Field of Dreams: if you build it, they will come!


Trinity 9
July 28, 2013, 11:30 am
Filed under: Uncategorized

A sermon preached at All Hallows, Easton, Sunday July 28th, 2013

Last Sunday we heard how our Lord told busy Martha that her sister Mary, who simply sat and listened to him, had chosen the one thing that is necessary in life. This week, listening to the Lord ourselves, let us take this idea a little further.

Let’s start with the Epistle. Paul is writing to Christians in the town of Colossae, a place he had not directly evangelised, but had sent missionaries to. He writes, “Brothers and sisters, as you have received Christ Jesus the Lord, continue to live your lives in him.” He means, they have accepted Jesus as Messiah and Lord; that is the first step. But one step is not enough! They must go on walking in the same way. They must be “rooted” in Jesus, “built up” on him. The pictures he conjures up are significant. Christians are like plants, with Jesus as the soil they grow in. They are like buildings- temples- with Jesus as their foundation. But the plant must grow! The building must rise up!

Here is something we must all, as Christians, ask ourselves. Are we truly growing? Are we building our lives into a Temple for God? Is Jesus really the soil in which we are planted, the foundation on which we build? Or is it just lip-service when we say, “Jesus is our Lord”?

St Luke tells us that Jesus was once praying, and one of his disciples asked him to teach them to pray. He taught them the Lord’s Prayer (Luke gives us a shortened version). If we want to be rooted in Jesus, we must learn to pray as he did. Luke in particular shows us Jesus as a man of prayer. Time and again he refers to Jesus praying. And how did he pray? First and foremost by invoking the relationship between himself and God: as son to Father.

We too must base our prayer on the recognition of ourselves as children of a loving Father. What an odd child it would be, that never spoke to its parents! Every parent knows that, especially when they are very young, it is hard to stop children talking! Daddy this, Mummy that. Look at this! Why is that? It is a constant dialogue. Is our prayer like that? Are we constantly talking to our heavenly Father? Ideally, prayer is a constant interior dialogue with God.

When children grow older, as sulky teenagers, they often go through a stage of not wanting to talk to their parents, apparently resenting every enquiry into their private lives. Frustrating though this is for parents, it is natural and we hope they will grow out of it. But are we perhaps at the same stage, spiritually, in our relationship with God? Not wanting to talk, not wanting to open up to his concern for us? If so, it is a sign of spiritual immaturity. We need to grow into a more mature relationship. But as we acquire the wisdom of experience, we must not lose the simplicity of our childhood.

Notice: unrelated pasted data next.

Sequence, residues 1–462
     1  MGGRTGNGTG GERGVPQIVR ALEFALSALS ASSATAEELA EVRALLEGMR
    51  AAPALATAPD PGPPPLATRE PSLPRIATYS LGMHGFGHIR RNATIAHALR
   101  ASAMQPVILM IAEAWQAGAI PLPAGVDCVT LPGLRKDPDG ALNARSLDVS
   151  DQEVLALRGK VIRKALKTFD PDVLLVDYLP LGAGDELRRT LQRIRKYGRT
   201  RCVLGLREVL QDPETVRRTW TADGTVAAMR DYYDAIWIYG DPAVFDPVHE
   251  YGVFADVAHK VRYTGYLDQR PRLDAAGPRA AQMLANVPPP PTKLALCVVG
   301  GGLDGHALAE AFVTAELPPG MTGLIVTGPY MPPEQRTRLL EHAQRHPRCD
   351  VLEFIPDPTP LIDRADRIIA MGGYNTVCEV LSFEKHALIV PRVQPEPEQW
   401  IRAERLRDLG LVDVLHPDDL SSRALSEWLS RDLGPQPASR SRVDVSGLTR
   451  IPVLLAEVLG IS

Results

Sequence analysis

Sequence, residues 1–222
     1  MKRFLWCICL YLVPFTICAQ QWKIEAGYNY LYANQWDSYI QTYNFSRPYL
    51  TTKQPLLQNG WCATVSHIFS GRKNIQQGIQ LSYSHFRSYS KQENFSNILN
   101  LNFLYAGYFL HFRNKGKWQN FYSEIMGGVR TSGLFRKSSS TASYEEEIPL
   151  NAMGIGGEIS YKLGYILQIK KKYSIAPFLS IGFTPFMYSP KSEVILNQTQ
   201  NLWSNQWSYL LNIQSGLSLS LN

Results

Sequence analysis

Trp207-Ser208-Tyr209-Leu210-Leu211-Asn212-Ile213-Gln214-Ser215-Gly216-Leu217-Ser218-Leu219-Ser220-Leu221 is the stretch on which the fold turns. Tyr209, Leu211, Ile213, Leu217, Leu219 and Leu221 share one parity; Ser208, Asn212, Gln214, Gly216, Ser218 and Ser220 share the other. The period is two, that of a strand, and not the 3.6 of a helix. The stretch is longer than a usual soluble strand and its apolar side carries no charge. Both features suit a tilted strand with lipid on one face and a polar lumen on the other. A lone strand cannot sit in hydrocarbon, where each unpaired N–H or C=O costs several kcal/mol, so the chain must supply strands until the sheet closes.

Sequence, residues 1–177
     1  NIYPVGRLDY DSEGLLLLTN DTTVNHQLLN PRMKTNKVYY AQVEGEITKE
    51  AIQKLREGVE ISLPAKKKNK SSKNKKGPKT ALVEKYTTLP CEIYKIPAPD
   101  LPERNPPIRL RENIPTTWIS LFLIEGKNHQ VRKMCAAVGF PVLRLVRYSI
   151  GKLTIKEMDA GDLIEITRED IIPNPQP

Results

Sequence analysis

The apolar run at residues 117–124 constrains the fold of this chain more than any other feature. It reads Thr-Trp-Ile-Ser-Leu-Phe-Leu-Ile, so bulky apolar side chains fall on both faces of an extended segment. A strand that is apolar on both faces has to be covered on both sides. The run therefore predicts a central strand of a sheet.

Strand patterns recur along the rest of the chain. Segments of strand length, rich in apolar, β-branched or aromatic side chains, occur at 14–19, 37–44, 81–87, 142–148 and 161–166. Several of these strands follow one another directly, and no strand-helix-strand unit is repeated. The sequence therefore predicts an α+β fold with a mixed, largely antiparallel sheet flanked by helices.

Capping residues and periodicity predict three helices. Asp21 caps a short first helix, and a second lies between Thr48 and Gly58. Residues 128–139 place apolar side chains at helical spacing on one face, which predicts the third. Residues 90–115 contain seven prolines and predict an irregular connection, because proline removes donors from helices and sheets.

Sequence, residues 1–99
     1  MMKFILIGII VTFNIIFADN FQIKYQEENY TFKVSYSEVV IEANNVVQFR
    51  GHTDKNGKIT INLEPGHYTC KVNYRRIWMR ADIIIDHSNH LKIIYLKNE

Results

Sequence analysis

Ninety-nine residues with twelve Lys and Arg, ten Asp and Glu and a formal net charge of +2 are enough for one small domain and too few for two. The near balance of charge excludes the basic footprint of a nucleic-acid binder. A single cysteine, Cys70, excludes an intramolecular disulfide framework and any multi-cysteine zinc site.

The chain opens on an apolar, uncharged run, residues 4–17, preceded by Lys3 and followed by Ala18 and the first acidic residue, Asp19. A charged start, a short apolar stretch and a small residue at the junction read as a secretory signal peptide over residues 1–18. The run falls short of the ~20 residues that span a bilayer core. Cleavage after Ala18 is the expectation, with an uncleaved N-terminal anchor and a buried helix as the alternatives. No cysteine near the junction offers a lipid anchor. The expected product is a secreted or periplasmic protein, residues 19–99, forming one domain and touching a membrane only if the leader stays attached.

As we grow up, our parents should be seen more and more as friends. As human beings, we are fundamentally equal. That is, of course, never true about our relationship with God. But in coming among us as a human being, as Jesus, God the Almighty Creator has (so to speak) put himself on a level with us, so that we can relate to him not only as Father, but as Friend and Brother. In another phrase of St Paul, we are able to “put on Jesus”, clothe ourselves in his personality, and so relate as we should both to God and to one another.

In our prayer, we talk not only to the eternal Father, but to Jesus our Teacher and Friend. Our inner dialogue is with him. This makes it easier for us, because we can have a clearer mental picture of Jesus, than of the “Almighty and Eternal God.” By faith, we affirm that Jesus is God; but God who makes himself accessible to us, who stands alongside us and shows us by his own example how to live.

Sacred Heart IconOur Lord has given us important lessons over the last few Sundays. Two weeks ago, in the Gospel, he reminded us that the whole Law of God is summed up in loving God with all our hearts, and our neighbours as ourselves. Last week, he said that the one necessary thing in life is to listen attentively to him, like Mary. Now he teaches us to pray confidently, as a small child talks to its Father.

How many psychiatrists does it take to change a light-bulb? Only one, but the light-bulb must really want to change. How many Saviours does it take to change the human heart? Only One, but the heart must really want to change. Ask our Lord to make our hearts grow more like his Heart.

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